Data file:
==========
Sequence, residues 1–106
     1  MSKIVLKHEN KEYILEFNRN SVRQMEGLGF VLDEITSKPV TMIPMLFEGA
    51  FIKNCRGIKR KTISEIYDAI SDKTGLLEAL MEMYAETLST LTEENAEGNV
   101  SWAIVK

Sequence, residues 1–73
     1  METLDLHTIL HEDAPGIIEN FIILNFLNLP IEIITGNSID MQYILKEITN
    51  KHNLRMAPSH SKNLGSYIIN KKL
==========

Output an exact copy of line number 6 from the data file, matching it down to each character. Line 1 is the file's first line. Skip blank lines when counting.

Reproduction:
     1  METLDLHTIL HEDAPGIIEN FIILNFLNLP IEIITGNSID MQYILKEITN